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A global perspective on food safety and quality

5 min read

Restaurant and Foodservice

Howard Popoola

The post is sponsored by TraceGains.

Traveling around the world has given Howard Popoola an appreciation for the quality and safety of the food supply chain in the U.S.

Popoola, vice president of quality assurance at Skokie, Ill.-based Topco Associates, the nation’s largest private-label cooperative, gained his global perspective early in his career working in food safety for the United Nations. After gaining his master’s degree in food and industrial microbiology from the University of Lagos in his native Nigeria, Popoola became the Hazard Analysis and Critical Control Points (HACCP) Program Manager for the U.N. Food Program, where he was responsible for establishing HACCP systems — a prevention-based process for food safety — in food donor processing facilities in more than 80 countries.

He gained further experience in quality assurance and food safety positions with major food brands, including WestFarm Foods (now Darigold), Kraft Foods and Nestle before he joined distribution company U.S. Foodservice, and then Topco in 2009. Along the way he has been involved in several national and international organizations, including the Safe Quality Food Institute, and in 2010, he was named to a two-year term on the Fruits and Vegetable Industry Advisory Committee of the USDA.

At Topco, Popoola and his staff of 24 oversee regulatory compliance, nutrition, quality and safety for more than 60,000 product SKUs, and monitor the 1,700 supplier facilities that produce them. To do this efficiently, Popoola has implemented a risk-based evaluation system for quality assurance and food safety, which leverages automation to allow quality assurance personnel to use their time most effectively by focusing on the suppliers and products most likely to encounter problems.

He relies on an automated system for record-keeping put in place with the help of TraceGains coordinate safety and quality documentation and product specifications for all of those facilities.

SmartBrief recently spoke with Popoola about his key role at Topco, a $14 billion, retailer-owned company.

Topco has 62 member retailers who cooperatively own the company. What are the keys to working in an environment with so many different constituents?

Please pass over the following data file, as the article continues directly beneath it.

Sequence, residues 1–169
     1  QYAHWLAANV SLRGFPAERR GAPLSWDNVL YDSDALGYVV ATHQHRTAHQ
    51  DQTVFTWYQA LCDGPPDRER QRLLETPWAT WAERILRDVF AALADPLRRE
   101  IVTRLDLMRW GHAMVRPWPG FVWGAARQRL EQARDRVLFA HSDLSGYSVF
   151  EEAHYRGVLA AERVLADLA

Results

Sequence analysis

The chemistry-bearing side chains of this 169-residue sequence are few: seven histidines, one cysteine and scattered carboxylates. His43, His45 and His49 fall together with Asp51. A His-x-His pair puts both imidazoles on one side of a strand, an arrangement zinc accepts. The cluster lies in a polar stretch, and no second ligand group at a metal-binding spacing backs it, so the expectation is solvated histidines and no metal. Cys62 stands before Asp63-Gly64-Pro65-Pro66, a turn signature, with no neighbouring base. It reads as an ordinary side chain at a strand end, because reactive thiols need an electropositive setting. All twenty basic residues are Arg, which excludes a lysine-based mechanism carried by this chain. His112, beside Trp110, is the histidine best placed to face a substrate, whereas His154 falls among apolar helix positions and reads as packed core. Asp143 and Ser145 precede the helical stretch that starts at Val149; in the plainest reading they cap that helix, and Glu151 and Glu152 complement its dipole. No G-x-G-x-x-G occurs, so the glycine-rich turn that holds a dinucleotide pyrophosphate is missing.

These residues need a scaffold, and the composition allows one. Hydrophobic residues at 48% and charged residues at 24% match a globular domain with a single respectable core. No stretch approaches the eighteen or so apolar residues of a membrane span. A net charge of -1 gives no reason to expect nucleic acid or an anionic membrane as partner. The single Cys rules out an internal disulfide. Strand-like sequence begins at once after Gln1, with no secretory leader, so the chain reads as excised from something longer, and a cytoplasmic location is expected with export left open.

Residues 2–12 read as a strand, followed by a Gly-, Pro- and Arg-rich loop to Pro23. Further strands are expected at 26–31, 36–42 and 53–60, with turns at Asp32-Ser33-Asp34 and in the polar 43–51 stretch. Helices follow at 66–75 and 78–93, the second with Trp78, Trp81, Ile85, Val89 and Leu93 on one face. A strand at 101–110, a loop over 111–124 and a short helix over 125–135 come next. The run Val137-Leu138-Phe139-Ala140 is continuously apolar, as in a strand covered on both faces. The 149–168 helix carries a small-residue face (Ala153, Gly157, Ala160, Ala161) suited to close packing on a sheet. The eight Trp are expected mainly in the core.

We understand that our members have their businesses to run, and the key is communication. Our members want to know what’s going on, and what’s coming down the pipeline. We have a quality advisory council with 16 of the top members, and we talk about issues of mutual concern, about quality and food safety.

What attracts you to work in food safety and quality assurance?

Most people, especially in developing countries, buy food at their local markets, and when you look the conditions at those markets, you have to wonder about food safety. I think that had an effect on me early in my career — I love the fact that we are able to impact people’s health, that people are able to walk into the food store and buy products without falling sick.

It’s a feeling of accomplishment every time I see our products in consumers’ carts, because I know they are going to have a very, very good experience, not only from a food safety perspective, but also from a quality perspective as well.

How has technology changed the role of the people who work in quality assurance and food safety?

We used to maintain an audit team that went out and audited facilities, but now business has grown, and there are more and more suppliers. My staff today are not auditors — we are quality assurance professionals. We have been able to take advantage of automation to help manage that supply base. That being said, if there is an issue, we will go out to those facilities, and look and understand what is going on.

What are the qualities you look for in QA staff?

Topco has a lot of great people, and I have people in my group who have been with the company for 20 years. I have the benefit of those long-tenured employees.

Development of people is very, very important to me. We are taking people who have been out in the field being de facto auditors, and we are turning them into people who can use automation in the decision-making process. Now I have people who are able to dive into data on supplier performance, go in and look at how a product has performed over time and use those data points to make decisions about the products and whether we continue to do business with that supplier.

With technology today, we can reject products before they have been shipped out of the facility. We can tell if the temperature has been breached on a supply truck coming from California to Texas, and call the driver in Phoenix and tell him to turn around because his load is going to be rejected.


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